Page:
Now it will be appreciated that as the piston cup 174 moves up and down through the seal bore 138 repeatedly, the lip 176 will be worn away. However, due to the expandable nature of the cup 174 and the increasing diameter of the seal bore 138,the cup is also repeatedly being plastically expanded to compensate for this wear.

Turning now to FIGS. 22-24, another preferred embodiment of the jarring tool of the present invention will be described. In this embodiment, designated generally at 300, the tool is constructed similarly to the tool 32 of the previouslydescribed embodiment having a mandrel 302 telescopically received inside a housing 304. FIGS. 22-24 show only the section of the tool with the jarring assembly. The rest of the tool may be similar to that shown in the previous embodiment.

This embodiment includes a bidirectional jarring assembly designated generally at 330. The bidirectional jarring assembly includes a pair of piston assemblies 350A and 350B positioned in a hydraulic chamber 332. The hydraulic chamber 332includes an upper chamber 334, a lower chamber 336, and a narrow diameter seal bore 338 therebetween. The seal bore 338 of this embodiment is adapted for two-way operation, as explained more fully below. The upper and lower hydraulic chambers 334 and336 function alternately as high and low pressure chambers, depending on the jar direction.

Each of the piston assemblies 350A and 350B is similar to the piston assembly 150 of the jar 32 (FIGS. 2-21). The two piston assemblies 350A and 350B are oppositely oriented to each other in the tool. The piston assembly 350A is arrangedsimilarly to the piston assembly 150 for producing an upward jar, while the piston assembly 350B is oppositely disposed to create a downward jar. The upper mandrel 324 comprises an upper section 324a and a lower section 324b joined by a mandrel coupling325. The piston assembly 350A is captured on the upper section 324a of the upper mandrel 324 between the shoulder 352 and the upper end of the coupling 325, and the piston assembly 350B is captured between the lower end of the coupling and the shoulder354 on the lower section 324b of the upper mandrel.

The seal bore 338 will now be described with reference to FIG. 25. The seal bore 338 comprises an up jar section 360 and a down jar section 362 and a center section 364 in between. The upper end 366 serves as the entry end for the upper pistonassembly 350A, and the lower end 368 serves as the entry end for the lower piston 350B. The upper and lower ends 366 and 368 both are provided with grooves 370 and 372, respectively, for the purpose previously described. The up jar section 360 has atapered diameter gradually increasing from the diameter d.sub.1 to the slightly larger diameter d.sub.2. The down jar section 362 has a tapered diameter gradually increasing from the diameter d.sub.1 to the slightly larger diameter d.sub.2. The centersection 364 is straight or cylindrical.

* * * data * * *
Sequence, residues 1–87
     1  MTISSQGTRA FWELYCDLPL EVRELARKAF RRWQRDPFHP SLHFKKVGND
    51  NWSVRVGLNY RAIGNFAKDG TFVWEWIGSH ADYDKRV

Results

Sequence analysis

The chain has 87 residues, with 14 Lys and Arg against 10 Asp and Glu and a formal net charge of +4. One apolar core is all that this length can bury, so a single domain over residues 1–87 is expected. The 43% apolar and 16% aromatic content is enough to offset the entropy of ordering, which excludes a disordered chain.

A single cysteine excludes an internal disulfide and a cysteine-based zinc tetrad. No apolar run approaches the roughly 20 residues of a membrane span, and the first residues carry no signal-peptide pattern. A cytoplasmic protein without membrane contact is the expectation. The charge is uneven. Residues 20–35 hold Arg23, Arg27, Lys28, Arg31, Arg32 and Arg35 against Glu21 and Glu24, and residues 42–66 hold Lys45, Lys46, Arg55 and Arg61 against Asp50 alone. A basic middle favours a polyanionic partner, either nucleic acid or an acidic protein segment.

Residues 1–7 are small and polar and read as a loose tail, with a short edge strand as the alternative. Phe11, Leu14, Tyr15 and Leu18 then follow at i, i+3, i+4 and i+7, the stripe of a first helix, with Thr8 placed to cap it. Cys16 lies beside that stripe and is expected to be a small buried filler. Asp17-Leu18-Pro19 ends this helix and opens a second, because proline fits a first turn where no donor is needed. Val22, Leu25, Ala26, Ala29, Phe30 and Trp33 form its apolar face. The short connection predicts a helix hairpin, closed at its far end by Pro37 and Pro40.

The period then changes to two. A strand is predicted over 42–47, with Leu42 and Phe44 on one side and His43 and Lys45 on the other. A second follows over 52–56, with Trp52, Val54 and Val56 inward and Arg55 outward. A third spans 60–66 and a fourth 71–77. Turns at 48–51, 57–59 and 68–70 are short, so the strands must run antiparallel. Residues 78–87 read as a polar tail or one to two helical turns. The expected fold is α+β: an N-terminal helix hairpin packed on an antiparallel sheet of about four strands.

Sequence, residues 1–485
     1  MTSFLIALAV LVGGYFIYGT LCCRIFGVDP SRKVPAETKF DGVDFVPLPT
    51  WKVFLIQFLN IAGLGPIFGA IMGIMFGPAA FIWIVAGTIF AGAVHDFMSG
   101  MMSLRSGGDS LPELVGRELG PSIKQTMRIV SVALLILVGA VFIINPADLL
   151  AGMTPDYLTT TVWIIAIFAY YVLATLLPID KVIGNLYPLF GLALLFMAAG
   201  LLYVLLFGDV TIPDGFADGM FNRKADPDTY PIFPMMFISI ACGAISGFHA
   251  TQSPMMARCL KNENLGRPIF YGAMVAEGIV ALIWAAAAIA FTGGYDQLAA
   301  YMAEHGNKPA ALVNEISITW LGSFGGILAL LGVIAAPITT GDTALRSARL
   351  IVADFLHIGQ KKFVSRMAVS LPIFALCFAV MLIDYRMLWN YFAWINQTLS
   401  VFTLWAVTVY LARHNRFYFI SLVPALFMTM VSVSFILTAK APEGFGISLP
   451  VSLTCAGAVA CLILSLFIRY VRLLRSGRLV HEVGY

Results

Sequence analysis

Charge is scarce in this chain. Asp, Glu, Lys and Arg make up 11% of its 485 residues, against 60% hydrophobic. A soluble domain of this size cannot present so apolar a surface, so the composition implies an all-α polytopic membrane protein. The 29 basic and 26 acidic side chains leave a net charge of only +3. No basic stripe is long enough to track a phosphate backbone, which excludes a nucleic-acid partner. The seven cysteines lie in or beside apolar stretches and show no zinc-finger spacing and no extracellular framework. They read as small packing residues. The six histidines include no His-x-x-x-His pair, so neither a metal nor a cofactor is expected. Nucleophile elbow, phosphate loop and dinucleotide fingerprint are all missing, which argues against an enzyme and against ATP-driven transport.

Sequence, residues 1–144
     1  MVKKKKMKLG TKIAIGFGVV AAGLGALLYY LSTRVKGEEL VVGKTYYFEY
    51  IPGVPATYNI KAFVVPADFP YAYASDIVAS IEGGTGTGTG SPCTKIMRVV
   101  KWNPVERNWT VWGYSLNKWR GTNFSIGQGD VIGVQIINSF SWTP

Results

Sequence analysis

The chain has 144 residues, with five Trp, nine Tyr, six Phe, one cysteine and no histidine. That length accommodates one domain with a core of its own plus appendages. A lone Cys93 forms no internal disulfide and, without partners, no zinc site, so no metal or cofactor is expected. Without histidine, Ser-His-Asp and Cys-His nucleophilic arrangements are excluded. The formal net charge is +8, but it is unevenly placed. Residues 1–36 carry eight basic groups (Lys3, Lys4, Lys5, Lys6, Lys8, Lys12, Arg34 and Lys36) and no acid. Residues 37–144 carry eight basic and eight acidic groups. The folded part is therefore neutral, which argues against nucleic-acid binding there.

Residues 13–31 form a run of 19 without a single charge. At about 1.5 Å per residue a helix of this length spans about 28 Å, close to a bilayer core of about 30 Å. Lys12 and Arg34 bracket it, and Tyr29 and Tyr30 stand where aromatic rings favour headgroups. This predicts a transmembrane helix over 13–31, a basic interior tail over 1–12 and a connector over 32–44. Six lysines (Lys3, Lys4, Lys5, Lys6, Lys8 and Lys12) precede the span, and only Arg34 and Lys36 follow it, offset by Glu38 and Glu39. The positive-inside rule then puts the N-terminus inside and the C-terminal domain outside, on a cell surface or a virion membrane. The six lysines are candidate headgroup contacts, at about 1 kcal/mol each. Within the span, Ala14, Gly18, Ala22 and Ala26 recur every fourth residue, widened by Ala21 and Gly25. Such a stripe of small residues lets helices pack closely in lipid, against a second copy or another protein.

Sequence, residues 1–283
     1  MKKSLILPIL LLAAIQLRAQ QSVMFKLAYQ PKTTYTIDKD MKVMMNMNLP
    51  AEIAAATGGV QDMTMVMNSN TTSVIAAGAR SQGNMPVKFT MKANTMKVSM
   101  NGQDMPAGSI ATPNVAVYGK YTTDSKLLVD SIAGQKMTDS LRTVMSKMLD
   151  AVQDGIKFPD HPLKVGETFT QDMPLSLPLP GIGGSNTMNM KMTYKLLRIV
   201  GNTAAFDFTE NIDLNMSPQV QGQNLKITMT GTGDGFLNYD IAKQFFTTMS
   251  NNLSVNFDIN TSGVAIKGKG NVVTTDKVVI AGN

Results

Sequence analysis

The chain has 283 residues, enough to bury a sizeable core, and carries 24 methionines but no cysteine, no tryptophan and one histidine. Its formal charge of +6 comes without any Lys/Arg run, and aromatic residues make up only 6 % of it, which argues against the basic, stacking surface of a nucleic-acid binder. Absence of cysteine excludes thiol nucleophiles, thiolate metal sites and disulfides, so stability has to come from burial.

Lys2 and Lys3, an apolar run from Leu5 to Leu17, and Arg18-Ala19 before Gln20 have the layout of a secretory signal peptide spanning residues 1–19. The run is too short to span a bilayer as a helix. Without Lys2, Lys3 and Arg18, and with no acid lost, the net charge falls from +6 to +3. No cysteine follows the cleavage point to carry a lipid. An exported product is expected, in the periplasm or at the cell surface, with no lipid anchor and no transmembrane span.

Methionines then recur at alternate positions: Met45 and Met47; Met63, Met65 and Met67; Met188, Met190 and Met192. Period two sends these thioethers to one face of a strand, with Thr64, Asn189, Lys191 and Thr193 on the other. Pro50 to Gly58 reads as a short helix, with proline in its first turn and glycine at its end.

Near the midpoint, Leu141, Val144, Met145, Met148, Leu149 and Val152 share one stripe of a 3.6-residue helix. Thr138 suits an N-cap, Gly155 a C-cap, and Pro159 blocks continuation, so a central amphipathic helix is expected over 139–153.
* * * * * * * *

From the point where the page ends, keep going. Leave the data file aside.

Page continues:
Now it will be apparent that the up jar piston assembly 350A will function similarly to the previously described embodiment. The piston assembly 350A will produce an up jar when it passes downwardly through the up seal bore 338 from theposition shown in FIG. 24, through the mid-stroke position shown in FIG. 23, and then to the down stroke or discharged position shown in FIG. 22, in same manner as the piston assembly 150 of the up jar 32 previously described. Now it will be apparentthat the discharge position of the up jar action is the set or cocked position for a subsequent down jar. A down jar is produced when the down jar piston assembly 350B passes upwardly through the seal bore 338 from the position shown in FIG. 22, throughthe mid-stroke position shown in FIG. 23, and then to the upstroke or discharged position shown in FIG. 22. In this way, the jar 300 can produce alternating bidirectional jarring forces.

Referring still to FIG. 25, the plastic expansion of the cup pistons in the piston assemblies occurs in a similar fashion. The piston cup of the jar assembly 350A creates a seal with the seal bore as the cup enters the end 366. The cup expandsas it moves through the tapered section 360 (to the right in FIG. 25) during an up jar, as previously described. The enlarged cup maintains the seal as it passes through the reversely tapered section 362 and exits the seal bore 338 to create an up jar.

The piston cup of the jar assembly 350B creates a seal with the seal bore as the cup enters the end 368. The cup expands as it moves through the tapered section 362 (to the left in FIG. 25) during a down jar, as previously described. Theenlarged cup maintains the seal as it passes through the reversely tapered section 360 and exits the seal bore 338 to create a down jar.

Having described the structure of the tool 300, its use and operation will now be explained. Referring again to FIGS. 22-24, the tubing string 38 is run downhole and latched onto the stuck object 34 preferably using the fishing tool 28. Thetubing 14 is slacked off to ensure that the jar 300 is in the fully telescoped position, which means it is set or cocked for an up jar, as shown in FIG. 24. In this position, the piston assemblies 350A and 350B both are in the upper chamber 334.